Home » News » News Library » PCJF condemns proposals to close White House area to protests

PCJF condemns proposals to close White House area to protests

An outrageous assault on free speech

“The Secret Service’s security failures inside the perimeter of the White House grounds do not provide a legitimate basis for extinguishing the First Amendment rights of the American public outside those grounds, on the White House sidewalk and Pennsylvania Avenue, and should not be used as a pretext to accomplish those aims,” stated Mara Verheyden-Hilliard, constitutional rights attorney and Executive Director of the Partnership for Civil Justice Fund.

“Closing the White House sidewalk or Pennsylvania Avenue to protest, or setting up checkpoints, would be an outrageous assault on free speech rights in the United States,” stated Ms. Verheyden-Hilliard. “In fact, any such action would be an unconstitutional abridgment and illegal removal from public access of one of the most important, vibrant, historical and critical public fora that exists for the purpose of free expression.”

“The lifeblood of democracy is the access by the people to public and proximate space to influence the government which returns regularly to proposals to keep the people as far away as possible,” stated constitutional rights attorney Carl Messineo, Legal Director of the PCJF. “Time and again the government has tried to restrict access to public space for free speech activities, and time and again it has been up to a vigilant public and civil liberties advocates to stop these incursions.”

The White House sidewalk and Pennsylvania Avenue are a central site for demonstrations and pickets as people come to petition their government.

The first mass assembly protest in front of the White House in the post 9-11 period took place on Sept. 24, 2005, when the Partnership for Civil Justice Fund successfully obtained a permit for an anti-war demonstration overcoming the government’s four-year ban on such activity. Approximately 300,000 people marched on Pennsylvania Avenue directly in front of the White House. It was the first mass assembly that had been allowed there in those four years and since then (as prior to September 11) there have been many demonstrations, spontaneous or planned, large and small.

Last September, when President Obama held a Rose Garden press conference about the possibility of new airstrikes on Syria, the White House press corps reported that antiwar protesters on the White House sidewalk could be heard in the background of their live feeds. Officers immediately began ordering protesters off of the adjacent sidewalk where they had lawfully assembled. The Associated Press reported that these proposed new restrictive regulations on access to public space around the White House are the product of previous planning for a change in policy. This recent incursion is being used as the pretext, the triggering event for the public unveiling of the proposals.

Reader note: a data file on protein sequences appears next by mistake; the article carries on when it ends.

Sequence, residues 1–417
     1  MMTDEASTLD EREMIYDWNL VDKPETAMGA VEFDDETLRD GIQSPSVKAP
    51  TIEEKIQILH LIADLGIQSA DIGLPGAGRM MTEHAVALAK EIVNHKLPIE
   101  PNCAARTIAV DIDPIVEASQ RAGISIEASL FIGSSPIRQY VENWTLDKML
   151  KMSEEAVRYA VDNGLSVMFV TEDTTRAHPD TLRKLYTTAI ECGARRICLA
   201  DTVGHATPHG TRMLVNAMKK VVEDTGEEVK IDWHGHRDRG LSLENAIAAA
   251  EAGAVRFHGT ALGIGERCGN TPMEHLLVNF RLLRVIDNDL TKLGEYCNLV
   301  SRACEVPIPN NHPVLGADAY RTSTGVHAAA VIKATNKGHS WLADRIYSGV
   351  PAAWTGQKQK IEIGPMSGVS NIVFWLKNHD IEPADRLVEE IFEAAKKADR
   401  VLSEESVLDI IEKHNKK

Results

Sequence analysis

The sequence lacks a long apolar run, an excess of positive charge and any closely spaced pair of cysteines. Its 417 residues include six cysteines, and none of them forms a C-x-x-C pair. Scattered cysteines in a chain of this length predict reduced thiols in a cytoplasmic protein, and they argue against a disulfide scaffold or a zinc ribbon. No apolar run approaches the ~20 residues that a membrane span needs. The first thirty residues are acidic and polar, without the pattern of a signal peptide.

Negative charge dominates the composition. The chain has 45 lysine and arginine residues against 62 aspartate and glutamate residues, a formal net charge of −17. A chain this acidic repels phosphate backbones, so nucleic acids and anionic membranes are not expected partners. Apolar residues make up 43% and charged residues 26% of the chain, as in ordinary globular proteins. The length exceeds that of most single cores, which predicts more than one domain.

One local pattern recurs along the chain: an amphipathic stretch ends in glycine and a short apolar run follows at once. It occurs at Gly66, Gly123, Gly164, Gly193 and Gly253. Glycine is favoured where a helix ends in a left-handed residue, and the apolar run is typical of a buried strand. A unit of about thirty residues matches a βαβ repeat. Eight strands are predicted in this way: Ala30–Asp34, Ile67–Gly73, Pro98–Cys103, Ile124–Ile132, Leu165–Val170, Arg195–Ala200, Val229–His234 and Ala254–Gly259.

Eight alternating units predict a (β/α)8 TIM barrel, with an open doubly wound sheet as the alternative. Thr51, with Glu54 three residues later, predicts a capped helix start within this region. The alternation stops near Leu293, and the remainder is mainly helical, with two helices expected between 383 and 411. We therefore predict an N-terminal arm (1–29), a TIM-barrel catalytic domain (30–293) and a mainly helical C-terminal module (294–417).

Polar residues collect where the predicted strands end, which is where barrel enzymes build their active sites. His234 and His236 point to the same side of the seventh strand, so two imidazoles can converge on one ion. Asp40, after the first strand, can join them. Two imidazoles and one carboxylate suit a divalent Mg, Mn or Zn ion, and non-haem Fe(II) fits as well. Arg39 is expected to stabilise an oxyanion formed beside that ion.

“This is not just about ‘security’ concerns,” stated Ms. Verheyden-Hilliard. “This is part of a growing trend that we are fighting in the removal of public space from the people, to whom it rightfully belongs.”

We are witnessing a systematic effort in Washington, D.C., and around the country to restrict access to spaces where the public has gathered together for the exercise of cherished free speech rights, to engage in dissent and redress grievances. Each effort to reduce the use of public space for protest and assembly has been heralded by an urgent pretext of either “national security” or the protection of public space from the normal, incidental effects on land and grass of public use.

The Partnership for Civil Justice Fund has brought constitutional rights litigation as well as national public advocacy campaigns to keep public space open and available to the public. The PCJF successfully litigated the right of the people to have mass assembly on the Great Lawn of Central Park when the Bloomberg administration sought to close the area to protest under the pretext of protecting the grass. Similarly, in 2008 the PCJF launched a successful campaign to stop the National Park Service from driving mass protest from the National Mall also under the pretext of protecting the grass, a challenge that six year later is returning to the fore. The PCJF brought the litigation that struck down the D.C. police department’s unprecedented military-style checkpoint program winning a unanimous ruling at the U.S. Court of Appeals for the D.C. Circuit which found the checkpoints unconstitutional. The PCJF is currently litigating the right of access for free speech along Pennsylvania Avenue at the Inauguration (as it has since 2001) as well as bringing numerous other free speech and public space cases.